Evanescence brings a despairing grief as surely as presence brought a divine delight. When the loss of this higher sympathy plunges the vision into “sudden darkness,” the lover mourns the compromised reality of his own perfection. The lover’s grief, then, comes only in part from his failure to achieve a sympathetic communion with the imagined beloved. The loss is equally of the lover’s access to his own higher self. On this view, the vacancy provoked by the inconstancy of the prototype redoubles the pain of failed communion with the shame of humiliated aspiration.

Shelley found the experience of the Poet of “Alastor” again in a novel form when he translated Alcibiades’ ambivalence toward Socrates. The intoxicated Alcibiades irrupts into the decorous speech making, bearing about him the emblems of Dionysus (212e). He is torn between a desire to praise Socrates and a desire to censure him (214e, 222a). In the extremity of his ambivalence, he contemplates Socrates’ death, and oscillates between considering it as his most fervent wish and his most painful fear: “Often and often have I wished that he were no longer to be seen among men. But if that were to happen, I well know that I should suffer far greater pain; so that where I can turn, or what I can do with this man, I know not” (216c). What delight and grief entangle Alcibiades in this violent ambivalence?

He begins with delight. Alcibiades praises Socrates for having within himself “images of the Gods,” or more precisely little statues or figurines of them (215a–b). The full significance of this conception of Socrates becomes apparent only when Alcibiades returns to it in his peroration: “If any one should … get within the sense of [Socrates’] words, he would then find … that they were most divine; and that they presented to the mind innumerable images of every excellence, and that they tended … towards all, that he who {366|367} seeks the possession of what is supremely beautiful and good, need regard as essential to the accomplishment of his ambition” (222a).

In the poem’s terms, these passages treat Socrates as the prototype of Alcibiades’ own idealized self. Socrates’ virtues are a perpetual provocation to Alcibiades’ own ambition to seek “the possession of what is supremely beautiful and good.”

But Socrates’ inward divinity is also obscure, to be glimpsed rarely and with difficulty, and often not at all. The divine images are not visible to everyone or at every time. They show forth only in moments of sudden epiphany: “I know not if any one of you have ever seen the divine images which are within, when he has been opened and is serious. I have seen them, and they are so supremely beautiful, so golden, so divine, and wonderful, that every thing which Socrates commands surely ought to be obeyed” (216e–217a). This evanescence is the source of Alcibiades’ ambivalence: his admiration seeks an intimacy that Socrates appears both to offer and to deny.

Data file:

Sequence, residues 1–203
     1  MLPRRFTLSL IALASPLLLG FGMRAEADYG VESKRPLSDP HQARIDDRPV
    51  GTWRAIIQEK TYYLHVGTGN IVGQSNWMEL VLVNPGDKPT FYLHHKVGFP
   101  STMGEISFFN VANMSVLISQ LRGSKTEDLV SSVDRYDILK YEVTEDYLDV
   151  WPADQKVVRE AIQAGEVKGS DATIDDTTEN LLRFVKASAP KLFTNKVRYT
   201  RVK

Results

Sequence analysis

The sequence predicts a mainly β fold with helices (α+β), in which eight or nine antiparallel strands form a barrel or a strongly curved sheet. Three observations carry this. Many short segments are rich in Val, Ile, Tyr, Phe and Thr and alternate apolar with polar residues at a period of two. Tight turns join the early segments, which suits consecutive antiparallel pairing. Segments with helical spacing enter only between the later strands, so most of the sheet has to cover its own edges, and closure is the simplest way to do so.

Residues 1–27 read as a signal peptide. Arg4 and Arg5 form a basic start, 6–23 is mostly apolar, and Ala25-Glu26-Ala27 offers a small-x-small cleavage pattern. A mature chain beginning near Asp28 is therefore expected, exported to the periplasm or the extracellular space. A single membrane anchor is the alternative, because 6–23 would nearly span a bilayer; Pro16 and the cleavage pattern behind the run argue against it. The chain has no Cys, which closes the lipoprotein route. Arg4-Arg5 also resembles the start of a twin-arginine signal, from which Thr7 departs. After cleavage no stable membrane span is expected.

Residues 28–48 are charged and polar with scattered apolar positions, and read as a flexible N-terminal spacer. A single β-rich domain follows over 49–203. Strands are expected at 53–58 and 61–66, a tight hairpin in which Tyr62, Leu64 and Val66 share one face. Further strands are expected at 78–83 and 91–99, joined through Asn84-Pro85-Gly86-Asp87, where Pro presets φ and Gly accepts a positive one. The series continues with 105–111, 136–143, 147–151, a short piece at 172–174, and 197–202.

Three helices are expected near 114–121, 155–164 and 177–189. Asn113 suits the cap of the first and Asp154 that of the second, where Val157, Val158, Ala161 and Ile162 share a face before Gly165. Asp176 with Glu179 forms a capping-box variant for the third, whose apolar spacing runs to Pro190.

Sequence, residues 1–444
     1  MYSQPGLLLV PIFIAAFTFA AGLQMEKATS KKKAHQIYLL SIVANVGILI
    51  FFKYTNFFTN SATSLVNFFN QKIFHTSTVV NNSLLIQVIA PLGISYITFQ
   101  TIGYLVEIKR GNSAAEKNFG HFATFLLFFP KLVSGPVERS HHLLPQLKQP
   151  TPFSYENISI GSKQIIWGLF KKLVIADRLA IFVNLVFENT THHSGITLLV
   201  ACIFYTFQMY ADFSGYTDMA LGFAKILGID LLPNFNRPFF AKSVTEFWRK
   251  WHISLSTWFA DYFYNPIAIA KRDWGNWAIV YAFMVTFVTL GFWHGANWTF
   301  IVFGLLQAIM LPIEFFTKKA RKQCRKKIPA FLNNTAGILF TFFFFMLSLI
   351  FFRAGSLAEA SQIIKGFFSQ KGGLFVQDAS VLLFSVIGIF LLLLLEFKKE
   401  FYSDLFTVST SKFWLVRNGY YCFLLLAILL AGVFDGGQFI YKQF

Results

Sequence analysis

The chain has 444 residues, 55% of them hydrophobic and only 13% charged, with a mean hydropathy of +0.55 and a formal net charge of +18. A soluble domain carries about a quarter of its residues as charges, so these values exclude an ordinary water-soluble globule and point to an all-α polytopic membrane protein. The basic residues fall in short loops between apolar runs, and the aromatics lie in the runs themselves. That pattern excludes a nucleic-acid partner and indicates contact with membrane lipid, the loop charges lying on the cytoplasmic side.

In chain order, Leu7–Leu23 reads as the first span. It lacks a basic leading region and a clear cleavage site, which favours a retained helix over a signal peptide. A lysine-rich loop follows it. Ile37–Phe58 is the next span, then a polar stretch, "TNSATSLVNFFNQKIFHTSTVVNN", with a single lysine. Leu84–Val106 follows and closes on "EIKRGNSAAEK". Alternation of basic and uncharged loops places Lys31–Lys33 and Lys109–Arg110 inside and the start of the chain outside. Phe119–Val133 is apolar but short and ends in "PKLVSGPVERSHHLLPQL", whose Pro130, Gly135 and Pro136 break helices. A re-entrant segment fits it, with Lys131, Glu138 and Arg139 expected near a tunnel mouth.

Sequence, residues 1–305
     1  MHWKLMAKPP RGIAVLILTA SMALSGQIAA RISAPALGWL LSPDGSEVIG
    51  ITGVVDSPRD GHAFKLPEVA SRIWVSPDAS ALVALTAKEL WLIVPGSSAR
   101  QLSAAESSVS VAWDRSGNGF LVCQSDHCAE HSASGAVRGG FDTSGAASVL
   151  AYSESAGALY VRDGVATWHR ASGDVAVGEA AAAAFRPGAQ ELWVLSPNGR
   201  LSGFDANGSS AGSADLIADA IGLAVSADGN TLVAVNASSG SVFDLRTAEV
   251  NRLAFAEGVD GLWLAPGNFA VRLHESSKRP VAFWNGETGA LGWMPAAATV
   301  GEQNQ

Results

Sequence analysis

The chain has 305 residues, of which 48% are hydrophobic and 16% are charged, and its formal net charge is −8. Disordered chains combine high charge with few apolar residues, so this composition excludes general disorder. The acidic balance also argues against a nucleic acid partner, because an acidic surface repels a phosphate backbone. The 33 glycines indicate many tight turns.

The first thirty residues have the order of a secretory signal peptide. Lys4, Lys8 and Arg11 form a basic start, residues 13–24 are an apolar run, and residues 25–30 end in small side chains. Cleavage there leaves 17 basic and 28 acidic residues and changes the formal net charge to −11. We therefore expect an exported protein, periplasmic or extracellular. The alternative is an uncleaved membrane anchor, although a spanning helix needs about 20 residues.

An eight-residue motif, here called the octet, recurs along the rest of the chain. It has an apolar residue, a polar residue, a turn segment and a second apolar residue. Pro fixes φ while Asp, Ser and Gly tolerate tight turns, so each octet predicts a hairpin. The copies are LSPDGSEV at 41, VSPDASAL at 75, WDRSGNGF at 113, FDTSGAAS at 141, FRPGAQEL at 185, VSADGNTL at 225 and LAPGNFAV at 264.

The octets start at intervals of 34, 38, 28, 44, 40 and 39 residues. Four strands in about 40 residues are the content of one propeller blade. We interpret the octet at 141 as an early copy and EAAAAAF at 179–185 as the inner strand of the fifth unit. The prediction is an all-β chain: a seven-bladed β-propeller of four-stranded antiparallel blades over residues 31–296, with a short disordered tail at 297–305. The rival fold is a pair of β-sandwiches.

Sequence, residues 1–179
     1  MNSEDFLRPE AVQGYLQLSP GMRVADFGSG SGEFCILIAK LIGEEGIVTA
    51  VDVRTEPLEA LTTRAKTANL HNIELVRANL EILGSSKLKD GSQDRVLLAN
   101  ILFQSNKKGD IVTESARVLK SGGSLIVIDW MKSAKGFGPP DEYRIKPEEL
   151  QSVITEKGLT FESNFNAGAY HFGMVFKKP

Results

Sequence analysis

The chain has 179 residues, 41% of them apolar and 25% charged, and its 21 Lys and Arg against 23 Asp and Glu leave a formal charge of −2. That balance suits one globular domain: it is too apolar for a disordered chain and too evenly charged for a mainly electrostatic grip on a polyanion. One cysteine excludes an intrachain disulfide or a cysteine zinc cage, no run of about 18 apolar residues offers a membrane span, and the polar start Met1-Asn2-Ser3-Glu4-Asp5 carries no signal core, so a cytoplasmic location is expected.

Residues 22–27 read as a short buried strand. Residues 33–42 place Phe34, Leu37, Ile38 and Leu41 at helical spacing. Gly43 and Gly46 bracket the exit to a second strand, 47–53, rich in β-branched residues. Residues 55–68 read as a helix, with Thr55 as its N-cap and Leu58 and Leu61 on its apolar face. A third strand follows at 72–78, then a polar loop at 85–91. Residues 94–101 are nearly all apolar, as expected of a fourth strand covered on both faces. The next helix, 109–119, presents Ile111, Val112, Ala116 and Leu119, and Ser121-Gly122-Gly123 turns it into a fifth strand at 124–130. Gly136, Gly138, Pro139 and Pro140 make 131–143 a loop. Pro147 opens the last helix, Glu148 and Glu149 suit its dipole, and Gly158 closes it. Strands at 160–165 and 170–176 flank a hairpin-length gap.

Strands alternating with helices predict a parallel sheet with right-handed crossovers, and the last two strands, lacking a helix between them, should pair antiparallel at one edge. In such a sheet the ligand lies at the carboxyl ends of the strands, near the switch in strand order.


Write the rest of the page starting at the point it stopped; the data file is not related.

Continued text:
Alcibiades’ delight in Socrates is analogous to the delight of the Poet in the “veilèd maid” of his vision. Alcibiades is also exposed to the evanescence and obscuring “sudden darkness” that provokes the Poet’s redoubled grief. He suffers the pain of failed intimacy or sympathy when he tries to convince Socrates to become his lover. He suffers the shame of humiliated aspiration when the divine images of virtue he sees in Socrates no longer seem accessible to him as images of his own idealized self.

In thrall to his vision of idealized intimacy, Alcibiades casts himself wholly into its pursuit: “I lay the whole night with my arms around this truly divine and wonderful being” (219c). But for Alcibiades as for Shelley’s Poet, the humiliating truth only becomes clear in “the cold white light of morning” (line 193): “He despised and contemptuously neglected that beauty which I had thus exposed to his rejection … I swear that I awoke and arose from as unimpassioned an embrace as if I had slept with my father or my elder brother” (219c–d).

The consummating embrace with the “truly divine and wonderful being” proves itself a most fleeting visitation of the divine, if not an outright illusion.

When the Poet of “Alastor” awakes from his vision, he pursues “beyond the realms of dream that fleeting shade” (line 206) his veilèd maid, and “wildly he wandered” (line 244) in the pursuit. This “wandering” (another favorite word of Shelley’s) is the fated condition of the erotic idealist. Shelley builds up this theme throughout the Symposium. Apollodorus at the dialogue’s beginning tells us he had “wandered about,” a “miserable wretch,” before devoting himself to Socrates (173a). Socrates later reports that Diotima said the young {367|368} man pregnant in soul must be “wandering about” in his urgent search for “the beautiful in which he may propagate what he has conceived” (209b). Finally, Alcibiades “wandered about disconsolately” in Socrates’ company after their failed embrace, in restless pursuit of that evanescent glimpse of those divine images. His sudden vacancy left him “the prey of doubt and trouble,” and he became “enslaved to [Socrates] far more than any other was ever enslaved” (219e). Shelley could see in the wanderings of these Socratics the image of his own struggles against evanescence and vacancy.